It isn’t just a question of the physical weight you’re holding in your hand, the book spine bending and breaking as you leaf through the pages. It’s more a matter of information overload, the risk of growing bored as the reader struggles with too many names, too many scenes and more plot twists than he/she can remember with ease.

There used to be a wonderful book show on Italian tv called The Art of Not Reading. Two Italian crime writers, Carlo Fruttero and Franco Lucentino, talked about literature and books, the great classics especially, pulling volumes from their bookshelves in an informal and light-hearted way that was truly entertaining. One of the things they used to do – I remember Don Quixote getting this treatment – was to weigh the book on a pair of scales before going on to discuss whether the book was too long, too big, too heavy, and so on.

Cervantes got a drubbing, I recall.

The Cartel by Don Winslow is a big, thick, heavy novel.

I haven’t placed it on the scales, but it would weigh in as one of the heaviest books I have read in quite some time. And yet, it isn’t heavy in the negative sense. Not at all! Indeed, I would say that it is one of the finest books that I have read recently. Okay, there are too many characters, too many awkward Mexican names and nicknames. There are twists and counter-twists galore, and the story rages on and on for over 6oo pages, but... it isn’t heavy.

So, what’s the secret?

Well, it seems to me, quite simply, that Don Winslow set out to write a big book in every sense – a sprawling tale of drugs and crime, senseless murder and senseless revenge, and it all ties together in the end, because the story is so big, and its core is so personal, as one man sets out to wreak his just revenge on all those who have done harm to those whom the hero loves, respects, and has lost in the war against drugs. Indeed, there is hardly a wasted word.

How much does The Cartel weigh?

That’s what Fruttero and Lucentini would have asked as they pulled out the scales.

The answer is simple.

It’s worth its weight in gold.

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date: 28 May 2016 at 15:53:46 - 0 comments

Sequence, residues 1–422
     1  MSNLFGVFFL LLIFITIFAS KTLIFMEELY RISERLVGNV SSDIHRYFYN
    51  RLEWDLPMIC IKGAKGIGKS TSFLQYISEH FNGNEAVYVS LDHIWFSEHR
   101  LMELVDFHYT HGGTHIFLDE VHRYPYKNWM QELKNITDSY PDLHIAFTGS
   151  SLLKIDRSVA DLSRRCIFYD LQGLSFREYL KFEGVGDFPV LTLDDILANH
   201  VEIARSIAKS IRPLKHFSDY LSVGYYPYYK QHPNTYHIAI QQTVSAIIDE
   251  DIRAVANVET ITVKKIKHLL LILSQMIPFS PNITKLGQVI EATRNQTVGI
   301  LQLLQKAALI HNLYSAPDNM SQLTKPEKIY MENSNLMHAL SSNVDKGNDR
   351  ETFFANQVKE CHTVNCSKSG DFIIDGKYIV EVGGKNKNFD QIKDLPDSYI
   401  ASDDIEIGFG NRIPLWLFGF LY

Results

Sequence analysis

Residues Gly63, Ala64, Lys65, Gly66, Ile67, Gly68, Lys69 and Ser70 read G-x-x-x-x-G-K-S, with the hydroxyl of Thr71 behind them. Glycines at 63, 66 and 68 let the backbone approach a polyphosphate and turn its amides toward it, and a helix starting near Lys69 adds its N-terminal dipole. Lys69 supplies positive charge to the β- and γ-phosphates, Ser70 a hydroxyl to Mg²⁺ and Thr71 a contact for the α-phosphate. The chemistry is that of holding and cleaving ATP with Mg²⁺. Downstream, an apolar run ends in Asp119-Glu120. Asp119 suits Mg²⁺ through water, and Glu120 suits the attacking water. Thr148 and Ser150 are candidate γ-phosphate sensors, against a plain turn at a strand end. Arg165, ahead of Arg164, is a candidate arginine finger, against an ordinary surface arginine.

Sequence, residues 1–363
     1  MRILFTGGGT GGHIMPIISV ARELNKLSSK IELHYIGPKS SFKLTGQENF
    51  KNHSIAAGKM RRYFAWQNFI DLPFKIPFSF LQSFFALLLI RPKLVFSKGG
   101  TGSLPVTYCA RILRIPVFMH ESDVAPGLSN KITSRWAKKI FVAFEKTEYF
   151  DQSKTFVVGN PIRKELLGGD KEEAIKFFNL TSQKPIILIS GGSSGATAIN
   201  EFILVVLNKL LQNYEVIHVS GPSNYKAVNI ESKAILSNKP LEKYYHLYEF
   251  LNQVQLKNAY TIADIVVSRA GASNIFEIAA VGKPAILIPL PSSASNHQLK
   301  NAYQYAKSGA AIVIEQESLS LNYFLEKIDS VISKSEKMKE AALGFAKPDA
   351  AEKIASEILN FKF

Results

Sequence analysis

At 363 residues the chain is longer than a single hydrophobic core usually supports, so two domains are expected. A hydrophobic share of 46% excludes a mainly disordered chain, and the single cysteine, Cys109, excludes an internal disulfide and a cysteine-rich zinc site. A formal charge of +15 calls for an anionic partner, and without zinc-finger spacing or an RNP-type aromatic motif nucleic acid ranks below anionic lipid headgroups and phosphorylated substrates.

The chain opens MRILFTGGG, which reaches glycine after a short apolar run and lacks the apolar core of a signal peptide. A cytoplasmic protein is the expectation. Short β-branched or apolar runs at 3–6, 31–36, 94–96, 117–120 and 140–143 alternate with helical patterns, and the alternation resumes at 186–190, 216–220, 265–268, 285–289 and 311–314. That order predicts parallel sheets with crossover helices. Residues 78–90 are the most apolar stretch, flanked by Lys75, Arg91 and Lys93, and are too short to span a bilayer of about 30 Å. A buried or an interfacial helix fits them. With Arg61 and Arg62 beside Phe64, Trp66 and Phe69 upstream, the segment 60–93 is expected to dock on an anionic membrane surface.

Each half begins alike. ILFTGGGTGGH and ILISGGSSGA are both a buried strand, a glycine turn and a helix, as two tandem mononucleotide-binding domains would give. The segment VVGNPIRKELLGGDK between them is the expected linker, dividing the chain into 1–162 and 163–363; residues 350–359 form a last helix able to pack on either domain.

We started blogging on 15th May, 2008.

Since then we have published over 600 articles on many topics.

The current count stands at 475 articles online, others having been removed and published as Kindle e-books, “Inside Italy” and Fifty Shades Deeper Inside Italy.”

But this it!

After 8 years, it’s time to stop, time for a change.

We are planning to update the website in the autumn – without or without a blog.


In the meantime, you might be interested in reading all or any of the following:


The Hanno Stiffeniis novels






The Seb Cangio novels




Y/A novellas




Recent short stories



IL CUORE NERO DELLE DONNE (Italian only, published by Guanda)


We would like to thank regular followers of the blog pages.

We’ve had a lot of fun!

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date: 05 April 2016 at 19:16:24 - 0 comments

Last weekend I went to the local flea market.

I didn’t find much. Indeed, I didn’t find a thing, except for a washed out English-language paperback which cost 2/6 when it was published back in 1956 by Penguin Books. Entitled “Death To The French,” it had originally been published in 1933 by the author, C.S. Forester, for The Bodley Head.

I remember reading Forester’s Hornblower novels when I was a boy in the 1950s, and reading them over and over again, but “Death To The French,” (or “Rifleman Dodd” as it was titled in America) was a novel that I had never come across at the time.

Some years ago, I enjoyed reading Mark Urban’s “Rifles – Six Years with Wellington’s Legendary Sharpshooters” (Faber, 2003), a vivid history of the 95th Regiment of Foot (Rifles), and I remember thinking that there was plenty of material for historical fiction there. In his introduction, Mark Urban mentions Forester in a one-line throwaway, saying that “Forester often used riflemen in his books,” but he made no mention of “Death To The French” or any other novel by C. S. Forester.

It’s a classic story of one man’s fight against the might of the French during the Peninsular Wars in Portugal as sharpshooter Matthew Dodd gets cut off from his regiment – the 95th – and attempts to make his way back to safety through the French defences.